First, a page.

All About Eve, Part I: Surrounded by Food and Still Constantly Hungry
This is my fridge.
As a food lover and sometimes food writer, I have not bought groceries from a Harris Teeter or Whole Foods, let alone a farmers market, since late July. This empty shell reflects the sorry state of my kitchen.
How did I get here? Having found myself at a work-life crossroads, I decided to take a break from my teaching career to follow my passion for food, restaurants, and cooking by embedding myself in the four-star world of Restaurant Eve.
For the past six weeks as a server, I've been memorizing mother sauces. Sampling veloutes. Learning about aigre-doux, nage, and elixer. I've been admiring tarte tatin. Sneaking bites of mission fig or ciabatta bread and sampling habañero sauces on the side. I've been wishing I could sharpen my own knives with a stone, like the chefs on the line.
I am also learning more about wine without tasting it. And I'm being trained on how to "coddle the guests," as mixologist and General Manager Todd Thrasher requires of the people who work for Meshelle and Cathal Armstrong's Eat Good Food Group.
I've also met a crew of extremely hard working people who are so passionate about food they've dedicated their lives to it, for 60 hours or more a week. There's Justin, a server making his own cheese in his spare time. There's Jeremy, the chef de cuisine, who moved to the area after working at Per Se. There's Amanda, a server whose knowledge of food and farmers and trends is encyclopedic. There's the unflappable Leonard, who just passed the first sommelier exam along with Guy, a server who got hitched on a Sunday, his day off. There's Chrissy, the manager whose library of food books might not fit in an 800-square-foot apartment.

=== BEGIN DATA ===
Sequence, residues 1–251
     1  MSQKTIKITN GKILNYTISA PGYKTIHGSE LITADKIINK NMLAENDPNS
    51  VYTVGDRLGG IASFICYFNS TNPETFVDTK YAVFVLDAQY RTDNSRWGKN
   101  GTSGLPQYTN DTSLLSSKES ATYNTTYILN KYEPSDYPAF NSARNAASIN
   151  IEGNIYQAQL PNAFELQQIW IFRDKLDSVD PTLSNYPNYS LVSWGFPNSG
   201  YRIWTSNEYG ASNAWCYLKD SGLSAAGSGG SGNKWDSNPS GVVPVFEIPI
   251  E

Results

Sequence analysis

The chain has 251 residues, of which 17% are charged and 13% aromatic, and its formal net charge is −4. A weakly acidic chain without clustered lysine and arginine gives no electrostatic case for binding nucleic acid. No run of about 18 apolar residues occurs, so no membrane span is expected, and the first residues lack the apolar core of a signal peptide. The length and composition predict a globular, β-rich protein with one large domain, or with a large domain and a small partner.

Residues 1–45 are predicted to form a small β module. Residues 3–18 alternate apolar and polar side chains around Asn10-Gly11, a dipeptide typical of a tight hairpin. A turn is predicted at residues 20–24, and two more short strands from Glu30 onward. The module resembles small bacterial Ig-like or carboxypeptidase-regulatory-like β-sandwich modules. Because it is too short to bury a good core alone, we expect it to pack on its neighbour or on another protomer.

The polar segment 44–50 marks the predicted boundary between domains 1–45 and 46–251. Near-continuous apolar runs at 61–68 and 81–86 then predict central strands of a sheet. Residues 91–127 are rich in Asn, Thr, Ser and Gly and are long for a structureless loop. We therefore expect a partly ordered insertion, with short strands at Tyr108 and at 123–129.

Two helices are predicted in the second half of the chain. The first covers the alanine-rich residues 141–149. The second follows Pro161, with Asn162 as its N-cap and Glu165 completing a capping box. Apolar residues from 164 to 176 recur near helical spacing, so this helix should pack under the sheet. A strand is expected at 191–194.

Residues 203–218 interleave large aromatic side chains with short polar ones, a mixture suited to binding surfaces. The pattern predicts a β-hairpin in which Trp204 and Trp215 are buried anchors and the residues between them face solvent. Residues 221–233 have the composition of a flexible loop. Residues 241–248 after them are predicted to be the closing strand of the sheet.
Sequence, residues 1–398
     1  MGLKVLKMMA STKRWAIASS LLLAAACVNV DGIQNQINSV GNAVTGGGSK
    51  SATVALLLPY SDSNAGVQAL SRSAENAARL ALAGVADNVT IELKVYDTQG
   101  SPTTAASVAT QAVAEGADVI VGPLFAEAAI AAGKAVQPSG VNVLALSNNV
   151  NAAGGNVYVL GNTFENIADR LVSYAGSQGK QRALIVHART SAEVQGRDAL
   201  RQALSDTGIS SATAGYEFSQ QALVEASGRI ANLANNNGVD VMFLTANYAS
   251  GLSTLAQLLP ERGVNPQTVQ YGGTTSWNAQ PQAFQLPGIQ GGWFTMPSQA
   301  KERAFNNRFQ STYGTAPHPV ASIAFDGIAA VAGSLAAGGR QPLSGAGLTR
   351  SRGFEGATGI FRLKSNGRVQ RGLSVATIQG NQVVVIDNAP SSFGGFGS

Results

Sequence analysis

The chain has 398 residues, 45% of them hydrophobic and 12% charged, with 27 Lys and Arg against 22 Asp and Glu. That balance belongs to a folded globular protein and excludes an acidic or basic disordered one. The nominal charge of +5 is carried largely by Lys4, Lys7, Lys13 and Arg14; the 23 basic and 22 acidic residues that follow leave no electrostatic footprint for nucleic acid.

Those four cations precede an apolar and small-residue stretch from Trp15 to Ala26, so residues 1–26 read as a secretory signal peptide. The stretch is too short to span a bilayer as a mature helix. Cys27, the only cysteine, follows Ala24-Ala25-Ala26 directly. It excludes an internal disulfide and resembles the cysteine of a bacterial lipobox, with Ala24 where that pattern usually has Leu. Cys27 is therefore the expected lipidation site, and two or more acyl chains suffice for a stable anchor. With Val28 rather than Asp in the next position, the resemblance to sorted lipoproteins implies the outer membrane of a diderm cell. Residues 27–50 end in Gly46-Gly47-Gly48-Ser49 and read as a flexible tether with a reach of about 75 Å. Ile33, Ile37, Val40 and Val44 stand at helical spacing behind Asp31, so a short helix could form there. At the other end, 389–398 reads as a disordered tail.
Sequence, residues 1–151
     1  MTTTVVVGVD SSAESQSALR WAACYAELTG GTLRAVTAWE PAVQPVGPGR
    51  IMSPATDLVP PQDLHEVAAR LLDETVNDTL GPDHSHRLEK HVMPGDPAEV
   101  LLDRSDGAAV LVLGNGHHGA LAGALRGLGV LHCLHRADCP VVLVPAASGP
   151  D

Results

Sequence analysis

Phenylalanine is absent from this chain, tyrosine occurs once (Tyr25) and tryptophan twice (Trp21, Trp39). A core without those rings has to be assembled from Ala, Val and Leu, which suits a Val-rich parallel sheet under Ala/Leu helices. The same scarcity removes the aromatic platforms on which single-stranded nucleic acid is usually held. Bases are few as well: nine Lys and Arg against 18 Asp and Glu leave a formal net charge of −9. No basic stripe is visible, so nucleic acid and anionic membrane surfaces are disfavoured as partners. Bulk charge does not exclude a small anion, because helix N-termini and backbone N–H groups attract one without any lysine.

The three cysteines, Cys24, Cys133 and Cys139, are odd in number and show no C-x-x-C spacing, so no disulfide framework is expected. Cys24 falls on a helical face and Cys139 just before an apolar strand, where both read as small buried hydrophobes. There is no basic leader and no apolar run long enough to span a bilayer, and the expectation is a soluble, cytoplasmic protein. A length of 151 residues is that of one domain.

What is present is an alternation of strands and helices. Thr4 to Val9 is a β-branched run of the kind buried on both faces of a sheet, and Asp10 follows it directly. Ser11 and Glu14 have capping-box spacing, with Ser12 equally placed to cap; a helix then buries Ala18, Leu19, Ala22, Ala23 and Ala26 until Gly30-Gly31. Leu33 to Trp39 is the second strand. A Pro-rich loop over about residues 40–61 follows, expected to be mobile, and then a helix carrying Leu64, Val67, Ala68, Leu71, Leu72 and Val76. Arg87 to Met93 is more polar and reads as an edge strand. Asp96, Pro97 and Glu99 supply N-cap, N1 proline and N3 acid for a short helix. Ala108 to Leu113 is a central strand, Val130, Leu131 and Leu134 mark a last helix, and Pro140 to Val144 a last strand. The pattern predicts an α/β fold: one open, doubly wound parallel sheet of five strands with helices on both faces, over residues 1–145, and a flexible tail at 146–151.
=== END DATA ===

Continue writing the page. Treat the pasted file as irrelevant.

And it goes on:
And of course, there's Thrasher and the Armstrongs. You may have heard about them. They are everywhere in food news.
On a personal level: Since my working hours have changed from days to nights, I've found it a little isolating, since it's challenging to keep in touch with friends. Dating seems next to impossible. I can't get used to not waking up at 7 a.m., yet I'm going to sleep at 1 a.m. or 2 a.m. I drink an eighth of the booze I used to. I'm always standing.
And I wolf down beautiful staff meals. Instead of luxuriating over food as I had the privilege of doing in my past life, eating has become a furtive act. It's fuel. It's nourishment. Food has become a work of art, as evidenced by guys on the line who stack and assemble, dress, and garnish. I fantasize about my old relationship with dishes and drinks. I am constantly hungry. It is humbling.
Maybe someday I'll visit the farmers market with the intention of cooking. Or maybe I'll hit up a Whole Foods to stock my fridge. In the meantime — with the blessing of the Armstrongs, who have granted me permission to write with candor — I'm learning about food in a new way and passing some observations along.